The family of I’Nayah Wright Trussell has filed suit and alleged a medic refused to perform CPR when I’Nayah stopped breathing.
I’Nayah, born in September of 2014, was premature. She had been assisted by an oxygen machine before she suddenly stopped breathing. Emergency services were called. The lawsuit claims that Detroit EMT Ann Marie Thomas, who was driving a medically-equipped Detroit Fire Department SUV with her partner, was first to arrive at I’Nayah’s home.
The 911 dispatcher told Ms. Thomas that the baby inside the home had stopped breathing. “When she arrived, instead of rushing to help save the infant’s life Thomas parked her emergency vehicle around the corner from the house…” the lawsuit alleges. The suit then goes on to claim that “Thomas then waited six minutes before telling dispatchers that she didn’t want to help stating ‘I’m not about to be on no scene 10 minutes doing CPR, you know how these families get.” The dispatcher responded by requesting Ms. Thomas provide assistance, telling her “I’m going to need you to make that scene. You’re going to have to make patient contact.” Another ambulance arrived several minutes later and transported I’Nayah to the hospital, where she died the next morning. An internal investigation found Ms. Thomas contributed to a 19 minute response time delay. She was subsequently fired.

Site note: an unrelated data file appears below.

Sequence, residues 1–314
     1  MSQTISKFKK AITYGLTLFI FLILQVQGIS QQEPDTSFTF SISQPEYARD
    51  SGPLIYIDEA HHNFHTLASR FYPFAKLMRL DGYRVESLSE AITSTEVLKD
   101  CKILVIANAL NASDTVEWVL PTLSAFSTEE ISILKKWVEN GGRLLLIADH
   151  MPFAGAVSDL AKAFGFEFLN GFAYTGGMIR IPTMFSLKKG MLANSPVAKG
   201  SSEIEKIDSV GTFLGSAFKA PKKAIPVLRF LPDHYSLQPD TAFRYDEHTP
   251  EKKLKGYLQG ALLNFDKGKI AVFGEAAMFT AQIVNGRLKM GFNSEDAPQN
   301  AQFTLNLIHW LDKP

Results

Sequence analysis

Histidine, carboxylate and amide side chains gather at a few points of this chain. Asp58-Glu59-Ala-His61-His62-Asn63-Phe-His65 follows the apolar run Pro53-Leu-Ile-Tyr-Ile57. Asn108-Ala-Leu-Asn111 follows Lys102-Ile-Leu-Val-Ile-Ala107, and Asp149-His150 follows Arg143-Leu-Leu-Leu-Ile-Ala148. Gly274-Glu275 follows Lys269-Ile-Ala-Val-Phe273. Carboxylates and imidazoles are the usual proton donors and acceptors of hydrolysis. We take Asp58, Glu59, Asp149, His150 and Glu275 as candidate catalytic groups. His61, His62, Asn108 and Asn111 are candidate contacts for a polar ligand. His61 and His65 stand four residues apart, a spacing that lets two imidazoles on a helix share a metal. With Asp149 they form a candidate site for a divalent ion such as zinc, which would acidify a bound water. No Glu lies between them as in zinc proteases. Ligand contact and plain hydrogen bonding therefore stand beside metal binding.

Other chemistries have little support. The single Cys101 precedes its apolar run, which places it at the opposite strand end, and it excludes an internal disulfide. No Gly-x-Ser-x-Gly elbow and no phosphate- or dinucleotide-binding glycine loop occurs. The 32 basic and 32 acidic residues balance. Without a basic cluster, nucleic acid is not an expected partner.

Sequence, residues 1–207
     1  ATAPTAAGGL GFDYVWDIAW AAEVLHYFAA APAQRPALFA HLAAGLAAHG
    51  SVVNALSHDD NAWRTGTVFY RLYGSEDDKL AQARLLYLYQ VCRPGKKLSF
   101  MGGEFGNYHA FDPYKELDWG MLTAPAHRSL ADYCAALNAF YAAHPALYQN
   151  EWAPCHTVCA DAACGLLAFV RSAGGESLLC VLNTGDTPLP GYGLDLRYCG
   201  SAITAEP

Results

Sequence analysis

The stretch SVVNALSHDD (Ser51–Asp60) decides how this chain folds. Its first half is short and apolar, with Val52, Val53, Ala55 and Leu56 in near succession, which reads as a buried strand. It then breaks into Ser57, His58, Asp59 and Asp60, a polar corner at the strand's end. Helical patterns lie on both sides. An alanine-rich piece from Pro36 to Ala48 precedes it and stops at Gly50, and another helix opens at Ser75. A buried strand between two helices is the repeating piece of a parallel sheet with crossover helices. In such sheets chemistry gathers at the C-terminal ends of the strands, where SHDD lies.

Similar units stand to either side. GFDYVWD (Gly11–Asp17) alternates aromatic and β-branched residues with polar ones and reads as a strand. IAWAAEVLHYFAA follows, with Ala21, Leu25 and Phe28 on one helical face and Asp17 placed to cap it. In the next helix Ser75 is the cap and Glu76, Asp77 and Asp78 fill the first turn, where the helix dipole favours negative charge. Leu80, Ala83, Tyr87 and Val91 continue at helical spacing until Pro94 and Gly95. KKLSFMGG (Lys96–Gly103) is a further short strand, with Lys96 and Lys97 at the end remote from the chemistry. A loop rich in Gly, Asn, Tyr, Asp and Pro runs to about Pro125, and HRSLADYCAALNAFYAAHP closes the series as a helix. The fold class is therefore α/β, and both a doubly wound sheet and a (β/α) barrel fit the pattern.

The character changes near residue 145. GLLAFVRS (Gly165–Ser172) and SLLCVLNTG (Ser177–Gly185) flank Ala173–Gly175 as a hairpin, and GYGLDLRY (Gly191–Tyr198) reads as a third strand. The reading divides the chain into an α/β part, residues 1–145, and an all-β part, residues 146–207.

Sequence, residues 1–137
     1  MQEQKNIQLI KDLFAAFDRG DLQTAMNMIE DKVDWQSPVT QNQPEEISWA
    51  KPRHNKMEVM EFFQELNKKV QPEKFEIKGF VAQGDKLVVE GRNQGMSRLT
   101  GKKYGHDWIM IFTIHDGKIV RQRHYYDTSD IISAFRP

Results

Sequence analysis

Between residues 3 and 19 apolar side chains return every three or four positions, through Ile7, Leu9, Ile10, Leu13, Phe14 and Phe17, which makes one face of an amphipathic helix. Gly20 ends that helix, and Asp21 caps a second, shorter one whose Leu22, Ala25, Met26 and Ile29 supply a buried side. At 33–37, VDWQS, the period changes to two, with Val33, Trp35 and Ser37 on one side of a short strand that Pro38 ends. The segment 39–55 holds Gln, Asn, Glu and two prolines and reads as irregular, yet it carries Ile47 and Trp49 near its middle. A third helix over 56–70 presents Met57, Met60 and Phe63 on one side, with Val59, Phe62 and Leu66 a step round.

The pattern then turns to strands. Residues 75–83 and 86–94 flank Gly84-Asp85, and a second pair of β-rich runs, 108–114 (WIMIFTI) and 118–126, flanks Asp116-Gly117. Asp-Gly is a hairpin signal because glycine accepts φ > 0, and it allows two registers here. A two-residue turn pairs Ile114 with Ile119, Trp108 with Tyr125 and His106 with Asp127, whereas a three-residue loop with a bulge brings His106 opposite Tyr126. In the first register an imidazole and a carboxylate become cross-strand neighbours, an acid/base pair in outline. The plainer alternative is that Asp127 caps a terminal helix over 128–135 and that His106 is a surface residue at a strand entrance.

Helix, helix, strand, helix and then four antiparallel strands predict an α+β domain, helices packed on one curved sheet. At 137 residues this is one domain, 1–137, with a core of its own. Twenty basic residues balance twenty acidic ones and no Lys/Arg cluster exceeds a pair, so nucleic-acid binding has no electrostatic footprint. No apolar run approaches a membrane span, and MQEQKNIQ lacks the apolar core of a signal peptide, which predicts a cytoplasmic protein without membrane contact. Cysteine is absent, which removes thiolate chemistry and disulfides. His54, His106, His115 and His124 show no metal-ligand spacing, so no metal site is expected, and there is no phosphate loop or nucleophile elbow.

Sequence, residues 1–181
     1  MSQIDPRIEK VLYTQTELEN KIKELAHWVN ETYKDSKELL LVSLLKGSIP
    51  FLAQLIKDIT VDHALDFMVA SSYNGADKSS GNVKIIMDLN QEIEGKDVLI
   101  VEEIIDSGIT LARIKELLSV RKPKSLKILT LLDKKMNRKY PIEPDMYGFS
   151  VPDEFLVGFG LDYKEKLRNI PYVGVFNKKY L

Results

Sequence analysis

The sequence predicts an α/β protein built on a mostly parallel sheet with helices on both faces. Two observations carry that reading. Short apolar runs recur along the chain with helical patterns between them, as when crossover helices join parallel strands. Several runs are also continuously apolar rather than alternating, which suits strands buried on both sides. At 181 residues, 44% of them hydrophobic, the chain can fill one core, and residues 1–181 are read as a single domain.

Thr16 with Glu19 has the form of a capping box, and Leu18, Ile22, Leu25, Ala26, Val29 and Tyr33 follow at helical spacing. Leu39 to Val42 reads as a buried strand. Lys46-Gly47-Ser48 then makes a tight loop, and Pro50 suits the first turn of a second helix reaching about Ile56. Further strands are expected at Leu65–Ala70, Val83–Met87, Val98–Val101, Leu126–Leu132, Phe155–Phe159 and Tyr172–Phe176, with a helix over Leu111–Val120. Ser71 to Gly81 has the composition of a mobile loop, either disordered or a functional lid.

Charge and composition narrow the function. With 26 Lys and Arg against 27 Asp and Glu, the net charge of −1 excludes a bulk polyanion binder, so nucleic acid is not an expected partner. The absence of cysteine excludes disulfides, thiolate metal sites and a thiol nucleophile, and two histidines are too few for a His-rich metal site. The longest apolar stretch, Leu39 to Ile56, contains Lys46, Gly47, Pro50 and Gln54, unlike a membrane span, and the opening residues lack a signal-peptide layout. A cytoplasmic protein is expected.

When someone is injured or dies due to a health care provider’s negligence, financial recovery may be available. Such recovery is particularly important when permanent, life changing injuries are incurred. It is important to contact someone who understands the intricacies of the party’s right to recover.
Medical malpractice is a difficult area of law as it requires an understanding of both the legal practice and the mechanics of medicine. Abraham Watkins offers a free consultation to anyone wishing to pursue such claims.